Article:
“We all do 'do, re, mi,' but you have got to find the other notes yourself.”
|louis armstrong (http://media.photobucket.com/image/louis+armstrong/arnoldinator/louis.jpg?o=17)
“The Big Easy”, known as New Orleans, is the birthplace of Dixieland jazz. A city filled with rich colors and lights, music drifts out from every corner. Though Louis Armstrong came from this ragtime city, his single mother raised him in the outskirts of New Orleans. There, he would listen to jazz floating through the streets, not knowing that he would one day become one of the most influential and successful jazz musicians in history. From 1919 to 1971, Louis Armstrong worked nonstop to produce “great music” that everyone around the world could enjoy, with a style which led to the transformation of the way jazz is played. However, Armstrong’s talent and creativity did not make him a hero; his attitude about life, his humbleness, and his true love for music made him inspirational. He never wanted fame; he was "just glad to play" (Louis Armstrong).
Louis Armstrong’s style of playing, an approach never before seen by other jazz artists, made him famous. Modern day trumpeters like Miles Davis and Wynton Marsalis say, "You can't play a note on the horn that Louis hasn't already played…" (DISCovering Multicultural America). As the entertainer who revolutionized jazz, he invented a technique called scat singing. Scat singing requires the singer to improvise a melody using syllables and rhythms. It was said that Louis created scat singing when he “dropped his sheet music during a recording session and had to substitute vocal improvisations until someone picked up the sheets for him” (DIScovering Biography). His originality and astonishing improvisational skills changed the style of jazz. Because Louis’s remarkable improvisational dexterity allowed him to play zealously, “he added feeling and nuances to his playing that made him so appealing to his audiences everywhere” (Bruccoli, Matthew J, and Arlyn Bruccoli). Many jazz performers followed the sheet music placed before them, but Louis experimented with his music. He added more resonant emotion and rich, colored tone into the songs he performed along with his own personal style. His first successful song, a remake of the song “Ain’t Misbehavin’” by pianist “Fats” Waller, demonstrated Louis’s talent and his career skyrocketed. His recording marked the turning point of the revolutionary change from Dixieland swing to modern jazz.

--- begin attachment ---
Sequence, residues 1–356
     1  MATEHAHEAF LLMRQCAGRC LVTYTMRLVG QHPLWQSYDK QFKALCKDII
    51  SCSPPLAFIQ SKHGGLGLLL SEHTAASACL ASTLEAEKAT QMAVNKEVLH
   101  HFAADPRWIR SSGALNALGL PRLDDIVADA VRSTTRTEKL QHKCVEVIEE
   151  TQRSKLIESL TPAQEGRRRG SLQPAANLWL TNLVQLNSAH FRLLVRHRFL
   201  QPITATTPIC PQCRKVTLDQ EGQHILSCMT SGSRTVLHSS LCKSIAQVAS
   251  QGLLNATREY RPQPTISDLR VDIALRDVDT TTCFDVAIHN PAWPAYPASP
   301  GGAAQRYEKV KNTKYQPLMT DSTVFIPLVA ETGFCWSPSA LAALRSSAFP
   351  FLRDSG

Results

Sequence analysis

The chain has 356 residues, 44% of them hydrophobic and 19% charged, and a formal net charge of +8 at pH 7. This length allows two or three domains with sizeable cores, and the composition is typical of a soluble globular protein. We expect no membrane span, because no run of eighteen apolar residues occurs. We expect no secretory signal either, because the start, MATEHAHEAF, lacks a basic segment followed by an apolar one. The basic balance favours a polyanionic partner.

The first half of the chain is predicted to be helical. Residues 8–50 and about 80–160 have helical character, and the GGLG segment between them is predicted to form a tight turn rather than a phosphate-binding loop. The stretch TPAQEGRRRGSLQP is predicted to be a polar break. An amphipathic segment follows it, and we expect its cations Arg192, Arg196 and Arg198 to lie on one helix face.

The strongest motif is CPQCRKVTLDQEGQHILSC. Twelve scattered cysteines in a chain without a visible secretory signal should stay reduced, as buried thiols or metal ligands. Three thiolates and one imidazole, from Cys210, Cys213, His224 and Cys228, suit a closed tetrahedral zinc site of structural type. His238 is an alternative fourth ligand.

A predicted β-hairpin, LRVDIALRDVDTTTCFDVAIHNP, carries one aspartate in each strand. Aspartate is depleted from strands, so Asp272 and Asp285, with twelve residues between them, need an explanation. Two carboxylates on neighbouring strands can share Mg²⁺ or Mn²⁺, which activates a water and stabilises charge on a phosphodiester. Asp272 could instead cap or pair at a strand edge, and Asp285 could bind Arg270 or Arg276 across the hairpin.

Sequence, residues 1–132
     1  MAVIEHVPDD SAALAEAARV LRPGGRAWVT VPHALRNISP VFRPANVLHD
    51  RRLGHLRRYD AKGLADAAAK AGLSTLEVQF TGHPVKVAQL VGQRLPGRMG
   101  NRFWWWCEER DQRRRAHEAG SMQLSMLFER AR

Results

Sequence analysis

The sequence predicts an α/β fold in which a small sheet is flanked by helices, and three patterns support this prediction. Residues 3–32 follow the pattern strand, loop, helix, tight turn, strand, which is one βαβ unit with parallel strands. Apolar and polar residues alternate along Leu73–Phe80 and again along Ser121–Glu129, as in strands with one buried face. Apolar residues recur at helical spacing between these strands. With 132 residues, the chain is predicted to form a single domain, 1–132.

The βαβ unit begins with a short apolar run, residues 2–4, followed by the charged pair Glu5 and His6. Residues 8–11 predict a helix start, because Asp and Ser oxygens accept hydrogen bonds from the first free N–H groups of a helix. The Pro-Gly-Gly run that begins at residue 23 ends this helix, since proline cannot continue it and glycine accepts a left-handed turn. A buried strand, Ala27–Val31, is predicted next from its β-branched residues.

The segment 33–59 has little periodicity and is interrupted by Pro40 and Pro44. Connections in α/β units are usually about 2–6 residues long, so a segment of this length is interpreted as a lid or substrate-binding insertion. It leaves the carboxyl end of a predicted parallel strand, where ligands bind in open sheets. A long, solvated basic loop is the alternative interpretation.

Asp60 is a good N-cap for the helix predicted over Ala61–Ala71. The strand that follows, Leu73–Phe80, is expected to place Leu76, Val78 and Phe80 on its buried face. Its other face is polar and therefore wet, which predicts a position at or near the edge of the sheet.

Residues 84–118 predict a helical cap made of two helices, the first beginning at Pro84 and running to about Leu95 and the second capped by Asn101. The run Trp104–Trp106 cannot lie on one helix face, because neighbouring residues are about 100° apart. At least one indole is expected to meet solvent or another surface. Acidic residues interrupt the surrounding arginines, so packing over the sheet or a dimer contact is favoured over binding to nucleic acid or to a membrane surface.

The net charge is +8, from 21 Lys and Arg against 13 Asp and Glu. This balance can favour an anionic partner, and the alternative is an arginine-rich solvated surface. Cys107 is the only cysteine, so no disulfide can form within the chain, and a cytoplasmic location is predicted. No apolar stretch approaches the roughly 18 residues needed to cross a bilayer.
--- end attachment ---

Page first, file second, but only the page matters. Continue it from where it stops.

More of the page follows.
Although he was a distinguished jazz artist, he remained a modest man who gave away as much as he earned. Matthew J. Bruccoli describes Louis as… “a humble man who preferred to help people inconspicuously.” Louis supported Martin Luther King, Jr. and the fight against segregation. However, he did not want politics to interfere with his job and music, so he worked behind the scenes by supporting Martin Luther King’s cause. Louis also donated generous amounts of money to the Waif’s Home, the place where his musical career began. Along with the Waif’s Home, Louis bestowed his money on a variety of other charities as well.
Even though Louis was talented, he never enjoyed the hard life of a performer. “He accepted fame as it came to him, but maintained that his main goal was not to be famous but simply to play music. Fame and fortune did not seem to make him very comfortable. Ebony magazine even referred to him as a ‘reluctant millionaire.’ He valued health and happiness over material well-being. While he enjoyed his fans and their appreciation of his music, the 'glamorous life' of touring and recording was hard work for Armstrong…” (Bruccoli, Matthew J, and Arlyn Bruccoli).
All Louis ever wanted to do was to enjoy music and appreciate life. His vision of music fueled the transformation of jazz and how it was played. He cherished every beauty he encountered and revealed the splendor of the world through inspiring lyrics and music.
I see trees of green, red roses too.
I see them bloom for me and you...
Yes I think to myself, what a wonderful world…
(Louis Armstrong from “What a Wonderful World”)
N/A, N/A. "Armstrong, Louis (1900-1971)." DISCovering Biograph.
N/A, N/A. "Armstrong, Louis (1901-1971).." DISCovering America.
N/A, N/A. "Armstrong, Louis (1900-1971)." UXL Biographies.
Bruccoli, Matthew J.. "Armstrong, Louis Daniel (1900-1971)." American Decades.
McCarthy, Albert. Armstrong, Louis Daniel (1900-1971).